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Is there evidence of significant levels of segregation between minority groups and the majority population?

Key Area:
Housing & Segregation
Racism, Discrimination
05/01/2012 - 12:57
Short Answer


Qualitative Info

There is a significant level of segregation between French Travelers' minority group and the majority population.

Two legislative texts from 31 May 1990 for the implementation of the right to housing and from 5 July 2000 on the reception and housing of Travellers, known as ‘Besson Laws 1 and 2’ create an obligation for towns and cities with more than 5,000 inhabitants (following an evaluation of the needs) to make halting sites available. In return, such towns and cities may forbid Travellers to park on the rest of the council territory. It appears that, almost 20 years after their coming into force, the effectiveness of these laws remains in fact very relative: Travellers are faced with a great lack of spaces on halting sites and evictions have been made easier since the home security law of 13 March 2003. As a result, a high proportion of Travellers are forced to travel and settle on unregulated encampments. Spaces to park in halting sites which have been found for Travellers are most often located in segregated areas, meeting only very partially the minimum living standards (e.g. access to water, electricity, sanitation). These are sometimes built like enclosures with high walls and managed very differently depending on location, which implies differences in daily costs, leading to a discriminatory situation particularly detrimental for such poor populations. Due to difficulties in parking on regulated halting sites, a high number of Travellers live in unregulated encampments with no access to the minimum basic services for leading a decent life. For Travellers who settle permanently on their own sites, access to water and electricity is only ever granted temporarily, and there is a constant risk of having this access suspended. Travellers live in a permanently insecure environment due to the threat of eviction. Travellers are excluded from social inclusion processes, and are marginalised in society with an increasingly high number of other social outcasts.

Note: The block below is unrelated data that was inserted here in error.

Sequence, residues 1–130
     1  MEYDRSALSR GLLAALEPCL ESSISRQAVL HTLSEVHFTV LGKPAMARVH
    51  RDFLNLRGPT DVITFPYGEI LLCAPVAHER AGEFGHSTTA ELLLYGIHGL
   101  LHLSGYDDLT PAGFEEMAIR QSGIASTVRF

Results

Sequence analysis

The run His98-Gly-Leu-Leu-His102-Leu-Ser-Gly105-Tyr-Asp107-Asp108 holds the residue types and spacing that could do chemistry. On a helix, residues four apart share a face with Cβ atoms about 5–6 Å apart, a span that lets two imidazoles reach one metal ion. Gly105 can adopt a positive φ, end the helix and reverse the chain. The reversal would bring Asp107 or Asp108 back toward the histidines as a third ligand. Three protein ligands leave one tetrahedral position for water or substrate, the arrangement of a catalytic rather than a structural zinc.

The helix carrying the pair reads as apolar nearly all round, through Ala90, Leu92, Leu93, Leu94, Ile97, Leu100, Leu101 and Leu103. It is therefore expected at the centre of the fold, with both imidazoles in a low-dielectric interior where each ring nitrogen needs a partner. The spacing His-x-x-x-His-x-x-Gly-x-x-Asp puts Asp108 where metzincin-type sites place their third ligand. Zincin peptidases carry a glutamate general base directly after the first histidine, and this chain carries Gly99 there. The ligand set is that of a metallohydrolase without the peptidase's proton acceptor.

Groups affected/interested Roma & Travelers
Type (R/D) Anti-roma/zinghanophobia
Key socio-economic / Institutional Areas Housing
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